PHIL 196 - First Year Seminar
Fall 2022, Section 001 - Social Progress and Ideology
Instruction Mode: Section 001 is  In Person (see other Sections below)
Subject: Philosophy (PHIL)
Department: LSA Philosophy
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Details

Credits:
3
Requirements & Distribution:
HU
Other:
FYSem
Waitlist Capacity:
99
Advisory Prerequisites:
Enrollment restricted to first-year students, including those with sophomore standing.
Repeatability:
May not be repeated for credit.
Primary Instructor:

Description

Underlying every society is a system of ideas. These ideas explain and justify the existing social order – who gets to hold power, how wealth is distributed, and what social categories like race and gender mean. These systems of ideas are necessary: without some commonly understood reasons for why society is arranged the way it is, society would be perpetually unstable. Philosophers, most famously Karl Marx, call these subterranean systems of ideas ideologies.

 These ideologies are deeply ingrained in our culture and our individual consciousnesses, and as such, they are extremely difficult to change. And yet, in order for society to make progress, they must change. Knowing how this happens – how one ideology may be reformed or replaced with a better one – is crucial to making one’s society better. That is the central question we will consider in this course: What ideologies are at work in our society, should they be changed, and if so, how?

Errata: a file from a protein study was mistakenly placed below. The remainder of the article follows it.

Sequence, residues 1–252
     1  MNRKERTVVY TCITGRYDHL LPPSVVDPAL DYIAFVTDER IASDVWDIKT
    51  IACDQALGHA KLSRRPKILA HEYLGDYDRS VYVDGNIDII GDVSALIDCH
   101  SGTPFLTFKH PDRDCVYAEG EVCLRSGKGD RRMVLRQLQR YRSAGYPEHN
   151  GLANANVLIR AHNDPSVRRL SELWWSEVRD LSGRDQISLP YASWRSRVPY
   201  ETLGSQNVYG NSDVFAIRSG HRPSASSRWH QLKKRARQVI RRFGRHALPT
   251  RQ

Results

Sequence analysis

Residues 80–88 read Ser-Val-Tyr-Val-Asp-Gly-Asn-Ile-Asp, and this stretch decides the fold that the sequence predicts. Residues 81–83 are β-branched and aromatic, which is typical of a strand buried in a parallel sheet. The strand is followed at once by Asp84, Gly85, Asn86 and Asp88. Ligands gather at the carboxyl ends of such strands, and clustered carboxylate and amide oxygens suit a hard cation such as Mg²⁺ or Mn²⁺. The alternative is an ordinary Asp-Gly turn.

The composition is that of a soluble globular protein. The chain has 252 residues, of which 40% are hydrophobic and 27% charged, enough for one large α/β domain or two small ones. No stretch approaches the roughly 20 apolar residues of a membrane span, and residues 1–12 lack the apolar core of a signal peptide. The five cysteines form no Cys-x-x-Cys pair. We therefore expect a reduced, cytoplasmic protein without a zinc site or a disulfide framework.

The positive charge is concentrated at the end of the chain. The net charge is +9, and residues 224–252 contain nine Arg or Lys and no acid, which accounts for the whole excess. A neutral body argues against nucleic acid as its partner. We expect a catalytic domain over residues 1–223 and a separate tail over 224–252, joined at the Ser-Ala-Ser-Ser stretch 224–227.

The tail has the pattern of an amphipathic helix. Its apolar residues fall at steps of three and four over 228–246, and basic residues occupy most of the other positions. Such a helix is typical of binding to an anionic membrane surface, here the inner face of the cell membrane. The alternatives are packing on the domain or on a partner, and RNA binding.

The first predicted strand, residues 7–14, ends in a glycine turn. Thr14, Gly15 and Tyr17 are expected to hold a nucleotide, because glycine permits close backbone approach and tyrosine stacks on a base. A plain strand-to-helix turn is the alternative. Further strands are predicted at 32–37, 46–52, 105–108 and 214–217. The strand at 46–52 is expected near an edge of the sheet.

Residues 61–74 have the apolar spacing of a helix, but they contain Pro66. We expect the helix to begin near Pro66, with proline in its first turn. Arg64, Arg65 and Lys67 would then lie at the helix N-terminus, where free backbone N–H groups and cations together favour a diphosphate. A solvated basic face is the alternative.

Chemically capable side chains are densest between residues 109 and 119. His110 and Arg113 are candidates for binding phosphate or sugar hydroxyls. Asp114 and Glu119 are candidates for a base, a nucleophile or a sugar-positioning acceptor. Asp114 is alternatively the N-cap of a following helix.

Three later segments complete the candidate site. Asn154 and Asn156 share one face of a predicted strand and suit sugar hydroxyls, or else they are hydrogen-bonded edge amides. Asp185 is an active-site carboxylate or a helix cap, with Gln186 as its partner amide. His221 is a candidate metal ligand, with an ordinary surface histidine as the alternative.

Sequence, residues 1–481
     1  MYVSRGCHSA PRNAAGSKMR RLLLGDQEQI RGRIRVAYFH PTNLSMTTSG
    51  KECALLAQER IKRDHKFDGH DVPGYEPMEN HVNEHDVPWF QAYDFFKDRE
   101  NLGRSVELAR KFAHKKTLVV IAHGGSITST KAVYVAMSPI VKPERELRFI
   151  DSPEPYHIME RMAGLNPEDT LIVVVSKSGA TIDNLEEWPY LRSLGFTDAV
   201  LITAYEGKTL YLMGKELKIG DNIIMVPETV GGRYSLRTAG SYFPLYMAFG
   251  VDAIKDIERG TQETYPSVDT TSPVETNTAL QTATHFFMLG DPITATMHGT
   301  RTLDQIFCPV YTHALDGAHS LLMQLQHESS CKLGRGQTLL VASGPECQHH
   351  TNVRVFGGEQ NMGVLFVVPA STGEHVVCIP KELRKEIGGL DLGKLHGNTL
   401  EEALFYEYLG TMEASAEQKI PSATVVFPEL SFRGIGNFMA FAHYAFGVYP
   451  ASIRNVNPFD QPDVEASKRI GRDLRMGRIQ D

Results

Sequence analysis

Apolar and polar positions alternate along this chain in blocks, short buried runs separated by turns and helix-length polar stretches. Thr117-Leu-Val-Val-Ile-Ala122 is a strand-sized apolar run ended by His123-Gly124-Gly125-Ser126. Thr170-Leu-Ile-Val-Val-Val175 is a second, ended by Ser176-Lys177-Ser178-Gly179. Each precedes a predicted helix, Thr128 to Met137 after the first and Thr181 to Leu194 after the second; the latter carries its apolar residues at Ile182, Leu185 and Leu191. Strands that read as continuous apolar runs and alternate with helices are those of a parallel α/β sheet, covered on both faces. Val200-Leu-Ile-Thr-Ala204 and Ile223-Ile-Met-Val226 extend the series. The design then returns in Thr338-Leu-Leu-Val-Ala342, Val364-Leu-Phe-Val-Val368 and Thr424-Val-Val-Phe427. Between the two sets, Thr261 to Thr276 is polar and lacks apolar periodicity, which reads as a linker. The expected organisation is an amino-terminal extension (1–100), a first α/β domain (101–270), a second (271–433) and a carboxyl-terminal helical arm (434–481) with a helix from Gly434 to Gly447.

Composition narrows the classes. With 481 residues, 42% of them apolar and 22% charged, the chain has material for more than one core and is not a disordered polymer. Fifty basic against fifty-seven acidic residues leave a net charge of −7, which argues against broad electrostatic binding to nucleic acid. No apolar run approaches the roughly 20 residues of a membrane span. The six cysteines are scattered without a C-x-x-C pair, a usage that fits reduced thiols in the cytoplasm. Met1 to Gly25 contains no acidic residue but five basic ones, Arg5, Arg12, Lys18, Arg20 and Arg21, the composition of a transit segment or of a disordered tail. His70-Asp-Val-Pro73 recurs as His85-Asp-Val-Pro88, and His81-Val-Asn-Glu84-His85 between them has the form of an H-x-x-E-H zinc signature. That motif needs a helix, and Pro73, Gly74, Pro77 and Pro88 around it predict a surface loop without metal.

This course will presuppose no previous knowledge of philosophy. In exploring this topic, we will touch on several of the main areas of philosophy:

 ·       Political Philosophy: What are the ideologies underlying our contemporary political debates?

·       Ethics: What is moral progress?

·       Epistemology: How do we know that one ideology is better than another?

 The goal of this course is not just to learn about these topics, but to learn how to read philosophy well. We’ll spend the vast majority of our course reading just a few books, diving deeply into each one. Because this is a seminar, the course will center around discussion of our readings. The role of the professor in this course is not to lecture, but to facilitate discussion. The role of the student is to come to class having done the reading carefully, and be ready with questions and thoughts. Philosophy is done best when done with others, and that is exactly how we will explore these ideas – together. 

Schedule

PHIL 196 - First Year Seminar
Schedule Listing
001 (SEM)
 In Person
28586
Closed
0
 
6Enrollment Management
2
TuTh 4:00PM - 5:30PM
002 (SEM)
 In Person
33450
Closed
0
 
6Enrollment Management
-
TuTh 1:00PM - 2:30PM

Textbooks/Other Materials

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Syllabi

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